In contrast to the overall frequency of headaches in sexual intercourse-related admissions to the emergency department, our patient suffered a seizure followed by unconsciousness. Her seizure was certainly due to the massive subarachnoid hemorrhage. Nonetheless, in rare cases, epileptic seizures are induced by sexual orgasm [19]. They are predominant in females and their origin is thought to be in the right hemisphere [19, 20].

Unfortunately the patient featured in our case report died. Death due to sexual intercourse is rare [3, 4]. In two large autopsy studies with 5559 patients, the rate of death due to sexual intercourse was estimated to be about 0.6% [10, 21]. Male gender and extramarital sexual activity as well as excessive alcohol consumption and large meals are a risk factor for death related to intercourse [1, 22, 23].

4. Conclusion

In conclusion, sexual intercourse might be a precipitating factor for subarachnoid hemorrhage with a potentially fatal outcome, as this case report shows. Nonetheless, further studies are needed to prove a direct relationship between the sexual intercourse and cerebral aneurysm rupture. After excluding intracerebral pathologies such as subarachnoid hemorrhage or intracranial bleeding by cerebral computed tomography, further differential diagnosis should involve seizures triggered by postcoital headaches and sexual intercourse.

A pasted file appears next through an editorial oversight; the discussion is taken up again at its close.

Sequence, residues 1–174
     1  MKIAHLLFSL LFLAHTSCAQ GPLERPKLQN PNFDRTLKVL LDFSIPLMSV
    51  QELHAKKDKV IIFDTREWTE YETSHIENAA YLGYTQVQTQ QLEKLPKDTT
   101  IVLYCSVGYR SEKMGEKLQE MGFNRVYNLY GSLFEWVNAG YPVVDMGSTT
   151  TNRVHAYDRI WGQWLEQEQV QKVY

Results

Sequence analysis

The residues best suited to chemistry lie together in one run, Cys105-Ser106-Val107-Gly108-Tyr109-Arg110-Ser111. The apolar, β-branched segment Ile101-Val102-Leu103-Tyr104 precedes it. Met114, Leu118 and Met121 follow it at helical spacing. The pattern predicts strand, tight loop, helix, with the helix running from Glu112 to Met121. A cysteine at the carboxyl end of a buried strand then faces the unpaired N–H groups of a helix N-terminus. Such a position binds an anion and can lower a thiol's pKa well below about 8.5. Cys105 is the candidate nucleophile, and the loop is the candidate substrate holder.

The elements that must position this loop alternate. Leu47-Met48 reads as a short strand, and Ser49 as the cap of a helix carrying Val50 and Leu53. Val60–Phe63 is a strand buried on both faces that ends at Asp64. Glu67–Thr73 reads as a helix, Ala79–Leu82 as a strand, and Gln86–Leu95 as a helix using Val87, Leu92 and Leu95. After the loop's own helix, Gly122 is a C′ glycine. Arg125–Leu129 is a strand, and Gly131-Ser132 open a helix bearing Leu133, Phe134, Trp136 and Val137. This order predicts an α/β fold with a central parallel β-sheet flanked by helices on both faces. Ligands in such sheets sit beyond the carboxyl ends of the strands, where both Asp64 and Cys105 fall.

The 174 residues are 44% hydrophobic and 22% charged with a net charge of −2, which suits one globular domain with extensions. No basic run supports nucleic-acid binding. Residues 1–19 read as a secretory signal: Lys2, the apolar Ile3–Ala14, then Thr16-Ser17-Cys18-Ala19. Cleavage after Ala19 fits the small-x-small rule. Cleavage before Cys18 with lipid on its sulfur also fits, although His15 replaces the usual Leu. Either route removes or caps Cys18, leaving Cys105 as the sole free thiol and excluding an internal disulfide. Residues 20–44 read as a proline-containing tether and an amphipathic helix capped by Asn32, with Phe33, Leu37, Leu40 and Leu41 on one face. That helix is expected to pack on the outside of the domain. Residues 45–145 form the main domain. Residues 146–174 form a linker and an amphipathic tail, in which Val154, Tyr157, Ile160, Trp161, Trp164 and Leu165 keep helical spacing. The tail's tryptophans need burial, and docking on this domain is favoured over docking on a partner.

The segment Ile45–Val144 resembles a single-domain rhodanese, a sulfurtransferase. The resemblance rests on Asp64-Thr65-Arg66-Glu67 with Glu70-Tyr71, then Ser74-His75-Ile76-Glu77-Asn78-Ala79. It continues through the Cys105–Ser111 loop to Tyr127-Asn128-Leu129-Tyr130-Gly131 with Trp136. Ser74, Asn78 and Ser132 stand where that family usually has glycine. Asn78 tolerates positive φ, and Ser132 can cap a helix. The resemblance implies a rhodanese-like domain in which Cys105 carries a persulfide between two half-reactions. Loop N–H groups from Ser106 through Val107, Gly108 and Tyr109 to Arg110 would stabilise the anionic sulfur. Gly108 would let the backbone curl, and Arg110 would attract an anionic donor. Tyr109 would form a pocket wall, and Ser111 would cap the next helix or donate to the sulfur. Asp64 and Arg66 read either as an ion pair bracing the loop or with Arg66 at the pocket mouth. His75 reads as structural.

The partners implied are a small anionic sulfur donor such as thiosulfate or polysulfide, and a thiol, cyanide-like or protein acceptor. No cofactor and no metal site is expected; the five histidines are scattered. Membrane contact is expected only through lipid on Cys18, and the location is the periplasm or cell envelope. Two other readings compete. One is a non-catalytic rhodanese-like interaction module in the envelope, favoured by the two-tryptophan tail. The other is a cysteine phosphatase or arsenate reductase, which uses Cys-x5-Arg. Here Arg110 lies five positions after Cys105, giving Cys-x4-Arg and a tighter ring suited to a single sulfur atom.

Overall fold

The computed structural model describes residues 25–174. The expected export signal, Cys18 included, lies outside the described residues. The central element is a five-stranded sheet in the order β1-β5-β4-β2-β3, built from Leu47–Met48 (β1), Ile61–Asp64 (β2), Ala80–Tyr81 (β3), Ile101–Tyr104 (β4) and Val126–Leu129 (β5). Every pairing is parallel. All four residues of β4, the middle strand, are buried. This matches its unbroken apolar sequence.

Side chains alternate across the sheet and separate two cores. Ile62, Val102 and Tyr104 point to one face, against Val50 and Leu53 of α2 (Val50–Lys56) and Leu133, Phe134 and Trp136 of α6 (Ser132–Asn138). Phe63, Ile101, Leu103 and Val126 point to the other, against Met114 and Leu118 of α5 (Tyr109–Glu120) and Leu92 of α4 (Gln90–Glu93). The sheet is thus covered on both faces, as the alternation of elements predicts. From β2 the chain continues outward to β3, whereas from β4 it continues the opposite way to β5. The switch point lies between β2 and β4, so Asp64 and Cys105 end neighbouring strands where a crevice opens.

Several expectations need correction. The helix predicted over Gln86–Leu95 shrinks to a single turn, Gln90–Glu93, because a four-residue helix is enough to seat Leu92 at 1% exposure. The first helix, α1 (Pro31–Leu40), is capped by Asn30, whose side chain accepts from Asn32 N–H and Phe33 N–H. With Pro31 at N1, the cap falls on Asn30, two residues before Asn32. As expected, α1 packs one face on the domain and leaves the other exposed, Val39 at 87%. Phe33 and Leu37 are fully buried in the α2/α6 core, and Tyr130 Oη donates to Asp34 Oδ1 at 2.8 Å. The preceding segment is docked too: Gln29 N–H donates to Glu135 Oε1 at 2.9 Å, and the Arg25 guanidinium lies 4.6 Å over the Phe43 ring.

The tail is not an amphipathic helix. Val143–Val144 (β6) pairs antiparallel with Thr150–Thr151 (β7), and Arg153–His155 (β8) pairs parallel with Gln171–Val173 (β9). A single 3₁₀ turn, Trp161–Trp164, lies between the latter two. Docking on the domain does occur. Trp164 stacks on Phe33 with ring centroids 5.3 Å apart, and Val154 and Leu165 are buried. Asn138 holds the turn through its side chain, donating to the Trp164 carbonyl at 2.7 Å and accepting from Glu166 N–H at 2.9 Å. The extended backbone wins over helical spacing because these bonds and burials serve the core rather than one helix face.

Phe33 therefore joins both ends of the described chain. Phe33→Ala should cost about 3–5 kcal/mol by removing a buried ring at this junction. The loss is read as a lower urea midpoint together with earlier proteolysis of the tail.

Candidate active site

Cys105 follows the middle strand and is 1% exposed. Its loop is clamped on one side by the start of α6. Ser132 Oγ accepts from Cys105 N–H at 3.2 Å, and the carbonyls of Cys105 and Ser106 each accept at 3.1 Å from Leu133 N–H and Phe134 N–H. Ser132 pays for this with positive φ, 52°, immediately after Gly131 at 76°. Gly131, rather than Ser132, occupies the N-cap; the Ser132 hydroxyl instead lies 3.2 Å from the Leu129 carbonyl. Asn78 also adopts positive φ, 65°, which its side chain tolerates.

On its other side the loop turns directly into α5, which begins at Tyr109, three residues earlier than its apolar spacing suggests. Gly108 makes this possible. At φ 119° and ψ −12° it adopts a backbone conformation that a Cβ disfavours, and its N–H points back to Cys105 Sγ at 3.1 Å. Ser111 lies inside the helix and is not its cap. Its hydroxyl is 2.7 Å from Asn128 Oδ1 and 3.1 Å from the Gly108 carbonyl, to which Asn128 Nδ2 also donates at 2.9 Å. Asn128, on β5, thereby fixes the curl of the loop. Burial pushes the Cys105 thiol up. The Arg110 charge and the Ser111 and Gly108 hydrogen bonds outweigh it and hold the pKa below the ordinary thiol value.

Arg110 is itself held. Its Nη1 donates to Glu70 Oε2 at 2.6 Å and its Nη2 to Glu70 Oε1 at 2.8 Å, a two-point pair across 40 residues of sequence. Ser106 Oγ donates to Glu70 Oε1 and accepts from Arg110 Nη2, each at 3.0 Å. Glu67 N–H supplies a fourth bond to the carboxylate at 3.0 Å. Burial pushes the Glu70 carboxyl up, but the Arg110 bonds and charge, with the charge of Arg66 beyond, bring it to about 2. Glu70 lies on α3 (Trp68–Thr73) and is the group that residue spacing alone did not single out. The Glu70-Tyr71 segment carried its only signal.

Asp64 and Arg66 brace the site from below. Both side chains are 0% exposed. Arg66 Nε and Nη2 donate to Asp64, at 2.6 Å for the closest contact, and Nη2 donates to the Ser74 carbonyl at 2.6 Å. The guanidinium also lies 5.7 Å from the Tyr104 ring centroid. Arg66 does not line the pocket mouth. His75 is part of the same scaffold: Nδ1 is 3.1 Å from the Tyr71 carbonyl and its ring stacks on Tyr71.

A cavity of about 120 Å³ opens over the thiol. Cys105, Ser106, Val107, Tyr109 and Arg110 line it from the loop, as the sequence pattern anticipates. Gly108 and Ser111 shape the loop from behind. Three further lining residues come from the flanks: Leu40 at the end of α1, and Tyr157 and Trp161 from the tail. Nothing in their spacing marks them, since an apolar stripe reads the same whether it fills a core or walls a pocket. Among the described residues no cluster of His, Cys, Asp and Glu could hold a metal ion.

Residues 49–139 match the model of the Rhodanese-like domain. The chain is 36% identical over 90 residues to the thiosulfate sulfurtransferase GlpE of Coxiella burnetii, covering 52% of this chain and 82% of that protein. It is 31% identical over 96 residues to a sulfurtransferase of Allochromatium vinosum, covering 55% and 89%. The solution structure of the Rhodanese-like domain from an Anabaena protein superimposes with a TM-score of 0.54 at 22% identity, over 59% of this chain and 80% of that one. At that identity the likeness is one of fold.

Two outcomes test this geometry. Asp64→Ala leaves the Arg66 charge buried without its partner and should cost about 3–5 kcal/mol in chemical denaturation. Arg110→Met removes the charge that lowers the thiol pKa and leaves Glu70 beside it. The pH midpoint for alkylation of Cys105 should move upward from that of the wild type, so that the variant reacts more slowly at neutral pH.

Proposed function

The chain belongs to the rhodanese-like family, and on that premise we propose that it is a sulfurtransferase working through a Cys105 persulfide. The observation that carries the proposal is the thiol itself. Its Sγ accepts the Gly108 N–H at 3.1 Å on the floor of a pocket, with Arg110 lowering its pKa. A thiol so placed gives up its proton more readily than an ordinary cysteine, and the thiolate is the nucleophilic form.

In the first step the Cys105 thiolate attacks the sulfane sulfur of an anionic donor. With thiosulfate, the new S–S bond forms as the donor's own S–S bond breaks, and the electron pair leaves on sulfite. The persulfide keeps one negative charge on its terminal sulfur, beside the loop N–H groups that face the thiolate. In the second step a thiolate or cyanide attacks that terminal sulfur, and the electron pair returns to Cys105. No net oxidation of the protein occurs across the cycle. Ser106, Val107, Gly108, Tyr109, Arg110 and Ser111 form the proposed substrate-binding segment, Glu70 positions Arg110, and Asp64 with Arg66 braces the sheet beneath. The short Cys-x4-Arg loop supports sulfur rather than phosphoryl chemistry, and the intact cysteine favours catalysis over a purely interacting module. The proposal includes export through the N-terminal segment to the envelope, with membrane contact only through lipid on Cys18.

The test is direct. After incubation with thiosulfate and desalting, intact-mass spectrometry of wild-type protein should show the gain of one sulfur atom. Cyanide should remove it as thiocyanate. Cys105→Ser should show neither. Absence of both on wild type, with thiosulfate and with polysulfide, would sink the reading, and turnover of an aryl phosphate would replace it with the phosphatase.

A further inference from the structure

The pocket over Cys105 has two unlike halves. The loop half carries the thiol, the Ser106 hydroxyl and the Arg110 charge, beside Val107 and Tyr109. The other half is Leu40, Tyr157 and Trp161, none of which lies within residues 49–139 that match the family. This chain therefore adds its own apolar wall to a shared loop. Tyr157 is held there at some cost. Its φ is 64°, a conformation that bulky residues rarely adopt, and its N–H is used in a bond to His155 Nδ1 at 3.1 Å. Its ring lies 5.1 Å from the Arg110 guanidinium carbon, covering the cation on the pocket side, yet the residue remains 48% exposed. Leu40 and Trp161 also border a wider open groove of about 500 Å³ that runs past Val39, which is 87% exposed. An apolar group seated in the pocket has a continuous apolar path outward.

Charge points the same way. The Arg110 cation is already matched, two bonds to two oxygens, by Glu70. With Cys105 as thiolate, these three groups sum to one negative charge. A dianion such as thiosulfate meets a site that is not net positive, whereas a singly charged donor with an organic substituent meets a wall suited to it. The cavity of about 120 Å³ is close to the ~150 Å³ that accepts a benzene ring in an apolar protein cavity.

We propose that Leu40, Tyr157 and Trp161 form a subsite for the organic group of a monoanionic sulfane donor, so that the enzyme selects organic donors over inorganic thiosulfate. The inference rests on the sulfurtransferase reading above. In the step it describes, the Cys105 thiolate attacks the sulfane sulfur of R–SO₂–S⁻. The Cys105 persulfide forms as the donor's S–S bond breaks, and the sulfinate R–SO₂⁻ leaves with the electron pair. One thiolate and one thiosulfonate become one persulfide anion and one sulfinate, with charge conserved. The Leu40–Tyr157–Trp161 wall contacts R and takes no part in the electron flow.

Conflict of Interests

The authors declare that there is no conflict of interests regarding the publication of this paper.


  1. X. Chen, Q. Zhang, and X. Tan, “Cardiovascular effects of sexual activity,” The Indian Journal of Medical Research, vol. 130, no. 6, pp. 681–688, 2009. View at Google Scholar
  2. Y. Drory, “Sexual activity and cardiovascular risk,” European Heart Journal Supplements, vol. 4, pp. H13–H18, 2002. View at Publisher · View at Google Scholar · View at Scopus
  3. C. A. Pfortmueller, J. N. Koetter, H. Zimmermann, and A. K. Exadaktylos, “Sexual activity-related emergency department admissions: eleven years of experience at a Swiss university hospital,” Emergency Medicine Journal, vol. 30, no. 10, pp. 846–850, 2013. View at Publisher · View at Google Scholar · View at Scopus